Proponents of a slot limit seem to forget that if anglers were allowed to retain smaller “slot” summer flounder (so far, no slot size has been proposed, but it’s reasonable to assume that any slot would bracket the point where males and females are equally represented in anglers’ catch), the season would have to be shortened to compensate for the greater number of legal-sized fish that would be caught.
And that’s where “steepness” comes in.
Like fishing mortality and spawning stock biomass, steepness is a parameter that fisheries managers must consider when setting annual catch limits. NMFS defines it as “the ratio of two recruitment levels; the recruitment obtained when the spawning stock is at 20% of its virgin level, and the recruitment at the virgin population level.” It is expressed as a number between 0 and 1; the lower the number, the more recruitment—the number of young fish entering the population—is dependent on stock size. A high steepness number, on the other hand, suggests that good recruitment can occur even when the spawning stock is relatively small.
Thus, proponents of a slot limit for summer flounder, who use the SSFFF study to justify their position, are actually contradicting themselves.
If the summer flounder population must include a large number of large females to guarantee good recruitment—that is, if summer flounder steepness is low—fishing mortality needs to be tightly constrained in order to maintain the large spawning stock necessary to maintain a healthy population. A slot limit, without a significantly shortened season, would allow anglers to kill too many fish.
On the other hand, if steepness is high enough to justify the higher fishing mortality that would result from a slot limit combined with the current season, then there is no need to assure that a large number of older females remain in the population, as good recruitment can result from a small spawning stock.
Whichever scenario turns out to be the right one, neither justifies a claim that the SSFFF study somehow negates the need to reduce fishing mortality today.
In fact, current science supports high steepness for summer flounder.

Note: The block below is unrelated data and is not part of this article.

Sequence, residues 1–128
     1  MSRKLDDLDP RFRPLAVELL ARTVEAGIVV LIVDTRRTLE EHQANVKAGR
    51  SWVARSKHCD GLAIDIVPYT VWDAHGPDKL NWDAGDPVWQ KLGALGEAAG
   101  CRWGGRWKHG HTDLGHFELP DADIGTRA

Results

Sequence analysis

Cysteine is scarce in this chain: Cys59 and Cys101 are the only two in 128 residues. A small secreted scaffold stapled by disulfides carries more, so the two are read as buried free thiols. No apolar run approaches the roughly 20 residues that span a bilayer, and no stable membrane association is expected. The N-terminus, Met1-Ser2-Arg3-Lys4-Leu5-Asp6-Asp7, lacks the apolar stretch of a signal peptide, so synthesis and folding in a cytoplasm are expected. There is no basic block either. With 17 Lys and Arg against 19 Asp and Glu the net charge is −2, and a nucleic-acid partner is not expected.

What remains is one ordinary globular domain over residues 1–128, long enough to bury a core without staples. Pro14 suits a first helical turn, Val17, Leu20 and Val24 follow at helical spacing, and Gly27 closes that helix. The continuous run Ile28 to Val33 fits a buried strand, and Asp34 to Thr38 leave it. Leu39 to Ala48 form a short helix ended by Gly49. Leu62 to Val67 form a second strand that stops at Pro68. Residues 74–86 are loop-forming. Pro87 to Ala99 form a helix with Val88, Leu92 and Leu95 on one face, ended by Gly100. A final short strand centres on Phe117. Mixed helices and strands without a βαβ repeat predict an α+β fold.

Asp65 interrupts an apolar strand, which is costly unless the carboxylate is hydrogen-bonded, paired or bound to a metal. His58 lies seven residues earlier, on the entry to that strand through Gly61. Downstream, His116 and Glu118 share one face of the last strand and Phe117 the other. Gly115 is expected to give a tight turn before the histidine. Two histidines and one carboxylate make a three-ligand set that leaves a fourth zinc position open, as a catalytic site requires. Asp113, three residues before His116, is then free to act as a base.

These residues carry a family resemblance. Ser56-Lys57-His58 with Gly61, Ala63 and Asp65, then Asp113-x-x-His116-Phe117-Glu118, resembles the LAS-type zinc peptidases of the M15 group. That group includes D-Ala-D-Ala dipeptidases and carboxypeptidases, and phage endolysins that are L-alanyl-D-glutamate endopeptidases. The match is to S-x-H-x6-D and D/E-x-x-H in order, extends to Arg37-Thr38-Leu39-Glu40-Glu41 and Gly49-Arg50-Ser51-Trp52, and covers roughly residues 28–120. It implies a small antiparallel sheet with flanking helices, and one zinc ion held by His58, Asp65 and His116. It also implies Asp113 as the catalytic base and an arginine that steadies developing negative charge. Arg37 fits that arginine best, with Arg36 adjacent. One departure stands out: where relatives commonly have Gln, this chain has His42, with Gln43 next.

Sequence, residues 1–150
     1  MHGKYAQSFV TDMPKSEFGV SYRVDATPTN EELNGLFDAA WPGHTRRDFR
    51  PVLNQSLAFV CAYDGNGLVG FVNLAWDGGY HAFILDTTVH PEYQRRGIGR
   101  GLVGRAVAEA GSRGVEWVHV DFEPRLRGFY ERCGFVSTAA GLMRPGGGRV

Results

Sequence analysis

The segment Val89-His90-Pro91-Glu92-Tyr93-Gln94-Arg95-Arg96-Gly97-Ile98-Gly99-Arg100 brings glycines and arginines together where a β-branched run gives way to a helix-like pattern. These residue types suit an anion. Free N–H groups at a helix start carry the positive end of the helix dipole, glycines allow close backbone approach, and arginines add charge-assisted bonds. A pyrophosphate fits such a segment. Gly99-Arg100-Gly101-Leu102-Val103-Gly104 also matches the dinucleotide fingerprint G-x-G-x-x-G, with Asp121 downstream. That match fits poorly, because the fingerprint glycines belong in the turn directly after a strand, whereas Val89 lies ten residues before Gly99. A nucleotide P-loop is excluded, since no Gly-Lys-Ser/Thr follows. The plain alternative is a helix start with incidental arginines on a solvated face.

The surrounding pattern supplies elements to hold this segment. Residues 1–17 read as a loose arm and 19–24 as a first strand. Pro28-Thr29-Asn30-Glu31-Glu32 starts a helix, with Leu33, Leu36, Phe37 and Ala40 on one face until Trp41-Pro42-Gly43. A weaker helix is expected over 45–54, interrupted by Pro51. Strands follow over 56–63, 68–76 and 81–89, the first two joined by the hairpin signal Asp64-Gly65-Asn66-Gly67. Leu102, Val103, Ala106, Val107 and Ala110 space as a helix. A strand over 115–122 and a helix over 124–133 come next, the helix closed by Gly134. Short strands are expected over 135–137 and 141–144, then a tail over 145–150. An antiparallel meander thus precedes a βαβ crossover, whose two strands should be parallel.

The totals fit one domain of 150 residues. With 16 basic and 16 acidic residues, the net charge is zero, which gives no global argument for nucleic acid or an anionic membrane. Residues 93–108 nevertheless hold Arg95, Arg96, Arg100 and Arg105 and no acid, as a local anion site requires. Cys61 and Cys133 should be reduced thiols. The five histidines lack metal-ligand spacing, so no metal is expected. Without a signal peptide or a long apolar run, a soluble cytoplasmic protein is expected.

A stock assessment update performed in 2006 notes that steepness was calculated at 0.984, a very high figure. The last benchmark stock assessment determined that calculations based on such a high steepness number were “suspect,” and did not consider such figure in setting the permissible (threshold) fishing mortality rate. But even if the actual steepness figure for summer flounder is somewhat lower, that figure will still be high enough to assure fisheries managers that there is no need to increase the number of females present in the spawning stock.
Although, according to the benchmark assessment, the stock could actually tolerate a higher fishing mortality rate and smaller target biomass. Managers determined that “little gain…(<5%) was realized at fishing mortality rates higher than [the current threshold of] F35%=0.310," while the current target biomass and threshold fishing mortality rate provided a "buffer against short-term declines in recruitment," which is exactly the situation which faces the stock right now.
Thus, arguments that the SSFFF study has rendered to benchmark assessment obsolete, and that a new benchmark assessment must be performed before additional harvest restrictions are imposed, are not supported by science. The current assessment passed peer review by a panel of internationally-recognized fisheries scientists, and has been accepted by the eighteen PhD-level biologists that make up the Mid-Atlantic Fishery Management Council’s Science and Statistics Committee. That should be a good enough endorsement for anyone.